Allow me to situate myself as honestly as it is possible in my socio-political circumstances before I can problematise sex positive feminism, especially how its operationalisation in the apparent “third world” is understood.

I am a male, belonging to a relatively privileged section of a Lahori, Pakistani, and predominantly Muslim society, amongst other things. I carry with myself the baggage of belonging to a gender group that has oppressed and brutally marginalised the “others.” This historical subjugation of women, and other genders, in all its multi-faceted forms is a moral force in my head that I have to operate against and weigh my real-life, this-worldly decisions around. I’m also told by certain women, women that I respect from the core of my heart, that I ought not to speak for them or patronise their suffering because I can never completely and holistically experience it. I understand that and I empathise with that position, and I will still write about this, because I am on their side. The claims I am going to make will be of a speculative nature, and have a specific purpose. My purpose here is to create a more empathetic understanding of commonly held views about how the moral force of “sex positive feminism” operates actually in the West as well as my social setting and problematise the antagonisms that emerge within, and as a consequence of that binary. More specifically, I have problems with the “vulgar, amoral, soulless” conception of the institutions of love and family of the West, in the mind of the antagonised “Orient.”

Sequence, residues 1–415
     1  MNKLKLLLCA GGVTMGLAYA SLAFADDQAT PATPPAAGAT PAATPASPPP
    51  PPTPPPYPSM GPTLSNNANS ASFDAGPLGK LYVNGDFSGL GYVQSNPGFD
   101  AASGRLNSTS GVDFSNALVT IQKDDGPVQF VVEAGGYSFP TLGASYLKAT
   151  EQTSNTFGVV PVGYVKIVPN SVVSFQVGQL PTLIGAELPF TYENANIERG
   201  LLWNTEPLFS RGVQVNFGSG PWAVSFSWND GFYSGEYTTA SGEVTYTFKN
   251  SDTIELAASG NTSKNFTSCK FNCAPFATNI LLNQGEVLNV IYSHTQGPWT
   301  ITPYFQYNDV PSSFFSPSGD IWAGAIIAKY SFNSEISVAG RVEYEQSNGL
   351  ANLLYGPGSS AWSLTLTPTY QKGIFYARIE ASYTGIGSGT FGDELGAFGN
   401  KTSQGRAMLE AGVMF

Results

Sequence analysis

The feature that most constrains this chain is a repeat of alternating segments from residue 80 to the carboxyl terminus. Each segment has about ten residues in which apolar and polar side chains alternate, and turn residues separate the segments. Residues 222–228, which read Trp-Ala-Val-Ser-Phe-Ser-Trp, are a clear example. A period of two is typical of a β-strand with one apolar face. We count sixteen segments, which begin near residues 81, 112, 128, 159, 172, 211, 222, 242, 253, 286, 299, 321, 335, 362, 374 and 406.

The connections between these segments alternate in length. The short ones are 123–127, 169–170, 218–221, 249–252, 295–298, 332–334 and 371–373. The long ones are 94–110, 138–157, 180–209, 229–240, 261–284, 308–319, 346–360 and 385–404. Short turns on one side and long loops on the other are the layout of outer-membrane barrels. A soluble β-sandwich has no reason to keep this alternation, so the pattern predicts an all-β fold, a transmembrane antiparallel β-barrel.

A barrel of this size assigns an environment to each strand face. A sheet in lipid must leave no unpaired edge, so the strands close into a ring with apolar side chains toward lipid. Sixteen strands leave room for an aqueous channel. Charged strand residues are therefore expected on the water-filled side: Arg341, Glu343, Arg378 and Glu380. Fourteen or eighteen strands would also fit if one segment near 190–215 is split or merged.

On the other hand, the increasingly reductionist position that the Oriental woman in the traditional family structure is completely caged in “devotional, primitive and religious” moral frameworks and devoid of any agency, is highly wearisome for me, and the fact that it is often, held to be an accurate “objective” representation evokes moral outrage in me.

Sex positive feminism, for the purposes of this write up, is going to be understood as the dictum that “women are not free as long as they are not sexually free.” I adhere to many notions of sexual freedom being an essential part of liberating women (and other genders) from the circumstances that enslave them, and as a fundamental part of my own personal value system. However, keeping that in mind, the idea of sexual freedom, for me, in the way that it manifests itself, varies across different historical, socio-political and cultural circumstances and trying to find a universalistic method of operationalising sexual freedom is extremely troublesome – and can potentially be oppressive and authoritarian, especially if imposed from above.